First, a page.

But at a time when there is so much inequality and specifically income inequality in America, one could argue that as opposed to ‘warfare’ perhaps some slightly more tempered class ‘bickering’ wouldn’t be such a bad thing. We’re not talking here about demonizing individuals who have worked tirelessly to earn their just rewards and also give back to the community (indeed, the Obama administration specified exemptions from the Buffett Tax for those individuals earning over a million dollars a year that were already making significant contributions to charity). At the same time it is an absolute fallacy to suggest that America’s millionaires have not benefited at least at some point from the direct results of tax revenue, whether it impacted upon the government-maintained roads that paved a way to their businesses, or government-subsidized programs that trained their staff, or government-funded hospitals that cared for them when ill, and sent them back to work in a timely manner.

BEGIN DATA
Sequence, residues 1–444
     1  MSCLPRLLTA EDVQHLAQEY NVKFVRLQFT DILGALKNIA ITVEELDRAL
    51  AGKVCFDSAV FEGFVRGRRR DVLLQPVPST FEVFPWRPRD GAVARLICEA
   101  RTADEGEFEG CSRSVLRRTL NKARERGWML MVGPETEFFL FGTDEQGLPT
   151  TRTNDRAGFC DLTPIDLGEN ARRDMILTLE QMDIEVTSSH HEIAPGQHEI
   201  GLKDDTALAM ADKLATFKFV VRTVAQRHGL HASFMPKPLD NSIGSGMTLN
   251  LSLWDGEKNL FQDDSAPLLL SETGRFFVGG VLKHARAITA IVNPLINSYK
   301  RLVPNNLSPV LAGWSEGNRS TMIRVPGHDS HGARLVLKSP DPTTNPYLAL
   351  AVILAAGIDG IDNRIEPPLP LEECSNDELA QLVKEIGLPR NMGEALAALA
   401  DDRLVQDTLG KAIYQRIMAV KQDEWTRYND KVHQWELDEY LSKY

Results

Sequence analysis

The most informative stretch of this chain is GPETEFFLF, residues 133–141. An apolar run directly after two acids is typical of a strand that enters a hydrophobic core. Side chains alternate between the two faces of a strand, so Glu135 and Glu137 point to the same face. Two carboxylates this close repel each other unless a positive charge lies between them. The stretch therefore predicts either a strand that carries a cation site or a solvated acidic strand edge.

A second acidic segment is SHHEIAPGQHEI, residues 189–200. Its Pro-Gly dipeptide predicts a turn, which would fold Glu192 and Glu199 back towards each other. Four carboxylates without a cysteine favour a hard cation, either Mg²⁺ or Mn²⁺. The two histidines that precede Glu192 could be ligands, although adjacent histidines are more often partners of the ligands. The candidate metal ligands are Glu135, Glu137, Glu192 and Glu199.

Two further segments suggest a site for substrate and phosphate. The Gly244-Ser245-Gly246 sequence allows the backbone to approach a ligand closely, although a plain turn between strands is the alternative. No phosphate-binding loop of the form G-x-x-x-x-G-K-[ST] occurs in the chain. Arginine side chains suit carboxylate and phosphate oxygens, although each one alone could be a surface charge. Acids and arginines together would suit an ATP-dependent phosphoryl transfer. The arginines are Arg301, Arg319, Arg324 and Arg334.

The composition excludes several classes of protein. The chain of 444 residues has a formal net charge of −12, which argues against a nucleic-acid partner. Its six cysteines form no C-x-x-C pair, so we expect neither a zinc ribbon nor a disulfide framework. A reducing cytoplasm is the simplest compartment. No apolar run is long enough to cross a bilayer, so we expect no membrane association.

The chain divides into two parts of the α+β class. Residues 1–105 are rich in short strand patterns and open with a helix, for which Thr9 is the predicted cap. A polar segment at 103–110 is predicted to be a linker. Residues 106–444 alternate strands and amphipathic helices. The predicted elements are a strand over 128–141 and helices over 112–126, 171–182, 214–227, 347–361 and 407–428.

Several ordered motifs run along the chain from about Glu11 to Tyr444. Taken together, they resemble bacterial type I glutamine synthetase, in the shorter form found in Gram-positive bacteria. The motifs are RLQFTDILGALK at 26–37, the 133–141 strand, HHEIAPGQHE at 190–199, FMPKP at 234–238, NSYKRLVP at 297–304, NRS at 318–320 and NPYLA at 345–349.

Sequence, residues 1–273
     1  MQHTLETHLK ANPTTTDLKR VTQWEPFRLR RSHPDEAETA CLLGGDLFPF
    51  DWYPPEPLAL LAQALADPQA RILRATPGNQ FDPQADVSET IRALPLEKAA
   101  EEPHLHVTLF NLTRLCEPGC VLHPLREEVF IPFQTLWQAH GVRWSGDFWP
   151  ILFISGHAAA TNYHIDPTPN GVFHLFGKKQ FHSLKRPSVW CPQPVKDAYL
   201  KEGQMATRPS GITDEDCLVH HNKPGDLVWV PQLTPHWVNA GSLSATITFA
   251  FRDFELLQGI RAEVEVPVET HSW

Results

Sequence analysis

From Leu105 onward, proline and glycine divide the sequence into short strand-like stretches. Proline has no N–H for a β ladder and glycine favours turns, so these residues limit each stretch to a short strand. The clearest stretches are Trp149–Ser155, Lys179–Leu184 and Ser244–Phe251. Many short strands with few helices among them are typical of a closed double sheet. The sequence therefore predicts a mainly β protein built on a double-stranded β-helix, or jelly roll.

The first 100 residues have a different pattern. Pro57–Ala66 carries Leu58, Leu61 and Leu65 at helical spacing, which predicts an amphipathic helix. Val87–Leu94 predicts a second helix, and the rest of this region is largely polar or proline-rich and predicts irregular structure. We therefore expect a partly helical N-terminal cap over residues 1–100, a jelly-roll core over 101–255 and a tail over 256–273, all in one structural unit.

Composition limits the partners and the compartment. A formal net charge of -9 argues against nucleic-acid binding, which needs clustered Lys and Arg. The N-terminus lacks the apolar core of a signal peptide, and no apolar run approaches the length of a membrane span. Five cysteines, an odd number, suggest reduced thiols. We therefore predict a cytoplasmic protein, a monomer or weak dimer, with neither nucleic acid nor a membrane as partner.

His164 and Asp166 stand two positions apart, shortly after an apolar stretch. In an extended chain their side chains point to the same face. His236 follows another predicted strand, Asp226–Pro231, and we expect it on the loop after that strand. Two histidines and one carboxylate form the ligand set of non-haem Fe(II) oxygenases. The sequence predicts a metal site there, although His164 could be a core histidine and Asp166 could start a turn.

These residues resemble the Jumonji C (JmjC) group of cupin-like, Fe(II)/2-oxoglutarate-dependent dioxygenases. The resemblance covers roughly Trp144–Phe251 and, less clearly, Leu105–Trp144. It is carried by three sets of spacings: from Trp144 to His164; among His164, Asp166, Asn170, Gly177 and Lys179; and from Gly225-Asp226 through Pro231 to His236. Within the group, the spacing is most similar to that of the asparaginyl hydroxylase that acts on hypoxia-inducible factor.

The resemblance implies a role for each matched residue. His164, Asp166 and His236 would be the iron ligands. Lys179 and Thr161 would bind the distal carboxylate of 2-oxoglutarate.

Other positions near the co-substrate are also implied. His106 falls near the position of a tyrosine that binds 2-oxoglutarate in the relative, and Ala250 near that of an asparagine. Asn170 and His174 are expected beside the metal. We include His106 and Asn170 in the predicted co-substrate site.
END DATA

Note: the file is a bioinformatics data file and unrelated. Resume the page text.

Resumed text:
The fact is that America’s wealthiest pay less in taxes as a portion of income than any other citizens. Currently, long-term capital gains are taxed at a maximum of 15% so as to encourage investment. This means that the wages of the working and middle classes are taxed higher than the investment incomes of the rich. It’s impossible to see how demand in an economy can go up if the middle class has no money to spend and the vast proportion of the rich are hoarding away money or only spending it on their own wellbeing. It’s almost as if we’re giving permission in a modern economic setting to the archaic exploitation of workers in favor of oligarch employers. Because when you assault labor with a higher rate of tax than investments, that is exactly the kind of immoral and unethical practice that you’re validating.